Glenn: Yeah. So sometimes I’m a meany and I make people look at the ghost of Christmas future, but it helps. Yeah, yeah. Equally helpful, though, is to look at what will happen if you comply, like when people choose one simple rule and I haven’t really encouraged them. What a big difference this could make. And then I say to them, OK, we’ll take a breath and tell me if you were to follow this one simple rule for a year. I know your pig says you can’t. Yeah, I know the pig says there are a million reasons you can’t. But what if you did? What impact would that have on your weight? What impact would it have on your energy level? What about your relationship? What about your finances? And I’ll have them paint a whole picture of what just complying with this one simple thing would do. And then they recognize that it’s going to build some momentum and that it’s really everything that they want in life is through this path. And the only thing that’s really standing between them, not the only thing, but a very big part of what’s standing between them and the kind of person they want to be is their ability to make that space between stimulus response and make better choices.

Darren: Yeah. Yeah. And and I think the other side to it, though, is I would imagine this is going to be a big challenge insomuch as when they start to make this change. The reason that they’ve got to where they’re at currently is the type of food they’ve been eating and what I specifically mean, is highly processed food, right? Yeah. So how do you manage that and overcome that? Because that in and of itself is quite difficult because there palate has been cleansed almost or contaminated with these hyper palatable foods that are high in sugar, high in salt, high in fats. And when they start to then flick that and eat nutrient what I call nutrient dense food. Their perception is that it’s bland, it’s untasty, or how do you start to overcome that slowly?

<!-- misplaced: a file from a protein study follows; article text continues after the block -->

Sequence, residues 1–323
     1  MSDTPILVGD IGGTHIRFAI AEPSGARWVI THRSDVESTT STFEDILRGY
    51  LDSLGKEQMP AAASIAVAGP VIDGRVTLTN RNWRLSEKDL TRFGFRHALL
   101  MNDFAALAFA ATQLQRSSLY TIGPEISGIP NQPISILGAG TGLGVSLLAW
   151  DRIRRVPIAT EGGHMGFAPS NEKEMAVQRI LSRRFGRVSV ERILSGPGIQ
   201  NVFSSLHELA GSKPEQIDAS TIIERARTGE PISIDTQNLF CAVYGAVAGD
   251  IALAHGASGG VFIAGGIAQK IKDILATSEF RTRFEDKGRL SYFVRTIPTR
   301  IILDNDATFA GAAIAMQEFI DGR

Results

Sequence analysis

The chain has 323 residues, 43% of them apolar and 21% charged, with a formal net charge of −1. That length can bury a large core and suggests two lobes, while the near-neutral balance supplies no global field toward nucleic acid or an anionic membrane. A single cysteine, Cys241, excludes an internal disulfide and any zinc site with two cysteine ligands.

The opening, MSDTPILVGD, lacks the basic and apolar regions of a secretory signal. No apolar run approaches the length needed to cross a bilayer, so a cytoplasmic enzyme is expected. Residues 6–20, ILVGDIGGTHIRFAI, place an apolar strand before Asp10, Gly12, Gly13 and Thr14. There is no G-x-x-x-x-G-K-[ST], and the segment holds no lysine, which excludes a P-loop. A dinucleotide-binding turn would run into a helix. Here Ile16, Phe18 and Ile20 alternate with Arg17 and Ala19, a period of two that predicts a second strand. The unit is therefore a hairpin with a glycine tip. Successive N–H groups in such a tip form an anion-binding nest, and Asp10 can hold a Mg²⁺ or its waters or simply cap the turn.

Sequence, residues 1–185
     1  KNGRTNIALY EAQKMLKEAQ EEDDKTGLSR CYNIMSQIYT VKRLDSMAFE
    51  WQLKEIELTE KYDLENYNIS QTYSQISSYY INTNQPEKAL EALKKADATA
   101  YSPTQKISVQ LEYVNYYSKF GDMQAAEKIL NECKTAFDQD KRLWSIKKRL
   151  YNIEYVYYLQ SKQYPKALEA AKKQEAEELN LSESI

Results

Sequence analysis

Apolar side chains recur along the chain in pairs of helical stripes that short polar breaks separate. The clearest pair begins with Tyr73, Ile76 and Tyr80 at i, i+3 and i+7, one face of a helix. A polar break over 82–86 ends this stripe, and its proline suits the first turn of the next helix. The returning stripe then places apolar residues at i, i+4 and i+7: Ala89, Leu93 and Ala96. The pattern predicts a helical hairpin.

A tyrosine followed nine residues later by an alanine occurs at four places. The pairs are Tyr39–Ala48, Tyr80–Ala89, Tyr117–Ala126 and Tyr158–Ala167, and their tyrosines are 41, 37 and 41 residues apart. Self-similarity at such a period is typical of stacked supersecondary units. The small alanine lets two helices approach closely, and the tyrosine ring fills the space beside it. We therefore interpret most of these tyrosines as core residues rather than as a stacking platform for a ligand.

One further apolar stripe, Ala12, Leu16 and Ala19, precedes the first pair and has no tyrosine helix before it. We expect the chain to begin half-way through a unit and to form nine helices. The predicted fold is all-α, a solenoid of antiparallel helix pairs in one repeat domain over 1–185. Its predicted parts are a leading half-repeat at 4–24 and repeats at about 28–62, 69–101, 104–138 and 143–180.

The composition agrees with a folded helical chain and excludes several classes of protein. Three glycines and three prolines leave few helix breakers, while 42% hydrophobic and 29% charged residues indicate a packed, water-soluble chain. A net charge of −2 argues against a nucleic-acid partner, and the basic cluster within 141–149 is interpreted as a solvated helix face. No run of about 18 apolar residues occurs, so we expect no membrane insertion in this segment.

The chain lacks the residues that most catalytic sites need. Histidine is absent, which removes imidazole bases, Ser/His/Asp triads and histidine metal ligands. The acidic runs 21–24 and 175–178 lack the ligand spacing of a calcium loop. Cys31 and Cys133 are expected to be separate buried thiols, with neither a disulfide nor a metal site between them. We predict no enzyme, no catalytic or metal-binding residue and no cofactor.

Glenn: Right? We overcome it slowly. I make sure people understand what’s going on right? I tell them when you’re used to being overstimulated, that you’re not really used to what life is like in its real form. It’s almost like being in the matrix and taking the red pill or the Blue pill. Yeah, if you eat a chocolate bar every day and natural foods don’t taste good to you anymore and then you stop chocolate, all of a sudden some people have to. But if you stop it, all of a sudden you’re going to go through a period of six to eight weeks while your taste buds adjust and your nervous system upregulates to respond with pleasure, where it seems like life is intolerably boring. Mm hmm. And it extends beyond food. You start, you start to think that, well, there’s really no pleasure in life. And yeah, because you don’t realize how much of your libido was directed towards the overstimulation with the chocolate bar. Right? So with most people, we do that slowly. Most people don’t give it up altogether. Some people do. And then they start to look at their results, and they realize that most people come into this feeling like they have no power at all.